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Astronaut Training: Station 4 - Disorientation Maze

Have you ever been disoriented before? Astronauts may feel dizzy or confused in space as their body adjusts to the change in gravity.

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Plan

  • Where will you find mazes to do for this activity?
  • What other supplies will you need for this activity?
  • Find two simple mazes to do – label one Maze A and the other Maze B. They should be different, but similar in difficulty.

Do

This activity must be done in pairs.

  • Draw a path through Maze “A” as quickly as you can. How many times did you “bump” into the walls?
  • Next, ask your partner to place the mirror next to Maze “B”, ensuring that you can see the maze clearly in the mirror. Your partner will also hold a piece of paper over your writing hand. This ensures that you are only using the mirror and are therefore “disoriented”.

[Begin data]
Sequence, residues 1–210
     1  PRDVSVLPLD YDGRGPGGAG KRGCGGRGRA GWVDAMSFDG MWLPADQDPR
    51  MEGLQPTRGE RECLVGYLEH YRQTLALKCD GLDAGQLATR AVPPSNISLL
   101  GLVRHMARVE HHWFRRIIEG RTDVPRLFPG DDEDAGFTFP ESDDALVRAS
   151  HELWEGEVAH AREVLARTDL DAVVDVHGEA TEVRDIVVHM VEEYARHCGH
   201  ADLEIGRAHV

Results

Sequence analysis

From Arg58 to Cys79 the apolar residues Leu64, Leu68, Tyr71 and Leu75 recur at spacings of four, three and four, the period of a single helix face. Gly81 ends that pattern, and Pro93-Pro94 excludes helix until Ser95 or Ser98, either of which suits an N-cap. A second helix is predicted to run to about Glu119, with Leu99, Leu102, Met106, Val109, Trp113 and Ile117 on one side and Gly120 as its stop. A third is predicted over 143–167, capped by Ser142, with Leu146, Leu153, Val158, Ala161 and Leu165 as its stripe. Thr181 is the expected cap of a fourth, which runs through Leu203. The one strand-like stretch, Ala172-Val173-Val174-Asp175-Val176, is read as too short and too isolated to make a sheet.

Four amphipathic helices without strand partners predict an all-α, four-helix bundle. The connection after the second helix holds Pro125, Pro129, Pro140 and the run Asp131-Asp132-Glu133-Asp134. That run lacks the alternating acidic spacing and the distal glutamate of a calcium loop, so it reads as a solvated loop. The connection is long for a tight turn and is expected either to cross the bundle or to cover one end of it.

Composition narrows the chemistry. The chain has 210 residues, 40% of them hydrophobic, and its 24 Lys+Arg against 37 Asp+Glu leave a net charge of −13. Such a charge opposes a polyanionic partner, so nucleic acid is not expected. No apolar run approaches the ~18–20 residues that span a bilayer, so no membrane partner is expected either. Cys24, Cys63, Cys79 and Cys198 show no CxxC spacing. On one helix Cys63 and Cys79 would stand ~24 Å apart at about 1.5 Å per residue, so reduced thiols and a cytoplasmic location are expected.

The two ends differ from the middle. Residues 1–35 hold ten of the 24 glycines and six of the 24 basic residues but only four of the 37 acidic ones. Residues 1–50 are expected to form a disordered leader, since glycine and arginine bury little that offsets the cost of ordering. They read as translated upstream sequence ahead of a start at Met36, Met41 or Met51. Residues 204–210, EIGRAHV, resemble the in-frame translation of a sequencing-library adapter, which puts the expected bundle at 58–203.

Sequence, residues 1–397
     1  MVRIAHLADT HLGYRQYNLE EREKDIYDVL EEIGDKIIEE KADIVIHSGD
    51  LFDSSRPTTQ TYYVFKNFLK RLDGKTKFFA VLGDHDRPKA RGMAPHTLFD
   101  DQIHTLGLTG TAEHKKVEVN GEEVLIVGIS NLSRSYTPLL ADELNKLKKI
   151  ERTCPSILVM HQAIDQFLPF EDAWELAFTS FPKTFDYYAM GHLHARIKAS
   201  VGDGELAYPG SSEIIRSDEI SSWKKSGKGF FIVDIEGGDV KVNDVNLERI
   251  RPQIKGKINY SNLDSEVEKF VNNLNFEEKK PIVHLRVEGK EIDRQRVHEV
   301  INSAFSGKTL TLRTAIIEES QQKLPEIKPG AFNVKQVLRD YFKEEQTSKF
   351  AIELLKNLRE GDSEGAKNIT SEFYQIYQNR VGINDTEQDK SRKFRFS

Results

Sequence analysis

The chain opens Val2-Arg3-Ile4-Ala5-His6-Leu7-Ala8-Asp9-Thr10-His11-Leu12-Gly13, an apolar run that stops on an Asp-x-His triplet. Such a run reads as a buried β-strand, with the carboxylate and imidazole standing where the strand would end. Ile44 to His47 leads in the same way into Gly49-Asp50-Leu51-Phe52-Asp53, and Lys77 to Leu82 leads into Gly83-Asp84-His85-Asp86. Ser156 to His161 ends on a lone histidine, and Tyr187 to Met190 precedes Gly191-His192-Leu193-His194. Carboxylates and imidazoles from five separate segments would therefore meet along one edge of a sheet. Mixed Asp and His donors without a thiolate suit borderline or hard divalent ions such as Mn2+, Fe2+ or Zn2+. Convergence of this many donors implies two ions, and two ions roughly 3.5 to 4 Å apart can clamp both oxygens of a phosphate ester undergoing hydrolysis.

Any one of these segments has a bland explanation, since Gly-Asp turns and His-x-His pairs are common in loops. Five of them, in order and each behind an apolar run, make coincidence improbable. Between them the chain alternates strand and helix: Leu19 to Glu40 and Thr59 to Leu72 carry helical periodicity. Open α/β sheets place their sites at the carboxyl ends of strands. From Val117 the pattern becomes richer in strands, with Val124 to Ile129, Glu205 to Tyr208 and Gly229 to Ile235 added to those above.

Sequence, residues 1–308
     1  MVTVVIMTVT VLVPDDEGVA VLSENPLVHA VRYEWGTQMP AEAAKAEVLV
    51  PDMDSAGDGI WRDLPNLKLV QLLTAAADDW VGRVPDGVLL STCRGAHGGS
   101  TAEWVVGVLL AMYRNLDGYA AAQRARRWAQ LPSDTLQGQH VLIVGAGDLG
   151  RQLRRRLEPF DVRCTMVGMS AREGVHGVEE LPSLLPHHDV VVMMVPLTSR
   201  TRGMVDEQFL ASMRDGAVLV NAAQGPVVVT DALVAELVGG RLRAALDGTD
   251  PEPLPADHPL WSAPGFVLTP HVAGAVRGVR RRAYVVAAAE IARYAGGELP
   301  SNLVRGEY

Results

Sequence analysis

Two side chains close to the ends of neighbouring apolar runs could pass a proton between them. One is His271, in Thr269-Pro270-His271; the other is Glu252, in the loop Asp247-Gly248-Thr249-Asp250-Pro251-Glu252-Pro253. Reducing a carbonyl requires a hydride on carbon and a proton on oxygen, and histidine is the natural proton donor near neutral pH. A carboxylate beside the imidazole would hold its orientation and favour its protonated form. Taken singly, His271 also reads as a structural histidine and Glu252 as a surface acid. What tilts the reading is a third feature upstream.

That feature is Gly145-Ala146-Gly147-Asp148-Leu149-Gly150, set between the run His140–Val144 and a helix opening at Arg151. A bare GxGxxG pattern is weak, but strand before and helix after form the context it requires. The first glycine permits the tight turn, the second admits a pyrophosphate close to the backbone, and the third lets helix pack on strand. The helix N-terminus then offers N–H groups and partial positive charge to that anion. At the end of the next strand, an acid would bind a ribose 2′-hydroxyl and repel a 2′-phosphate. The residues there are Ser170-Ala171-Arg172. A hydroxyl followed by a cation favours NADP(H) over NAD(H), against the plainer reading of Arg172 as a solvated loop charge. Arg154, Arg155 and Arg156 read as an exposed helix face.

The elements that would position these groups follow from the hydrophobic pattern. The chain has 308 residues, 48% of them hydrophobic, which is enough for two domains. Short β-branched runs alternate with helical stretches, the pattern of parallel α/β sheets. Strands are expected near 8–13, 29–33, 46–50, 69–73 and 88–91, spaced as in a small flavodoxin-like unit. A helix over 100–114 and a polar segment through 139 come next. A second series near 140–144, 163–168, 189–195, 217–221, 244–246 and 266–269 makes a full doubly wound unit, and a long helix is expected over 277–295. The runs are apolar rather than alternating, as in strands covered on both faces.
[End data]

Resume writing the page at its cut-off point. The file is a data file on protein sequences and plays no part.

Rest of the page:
• Draw a path through the maze while looking in the mirror; you should not look directly at the paper or pencil! Count how many times you “bumped” into the walls and write that number down.
  • Have your partner do the same.

Review

  • Did performance improve with practice?
  • What can astronauts do to practice dealing with disorientation?

Materials

  • Disorientation Maze template
  • Mirrors
  • Pencils
  • Prisms (optional)

Keep it Simple

  • Choose mazes that have wide lines. You can even laminate them and use dry erase markers. Using a fine-tipped pencil may be too difficult for some people.

Take it Further

  • Repeat Maze B and see if your performance improves.
  • Attempt a maze using a prism. The prism rotates the beam of light by 90 degrees and presents quite a challenge!
  • Repeat the activity using a star-shaped maze. The more acute angles present a much greater challenge.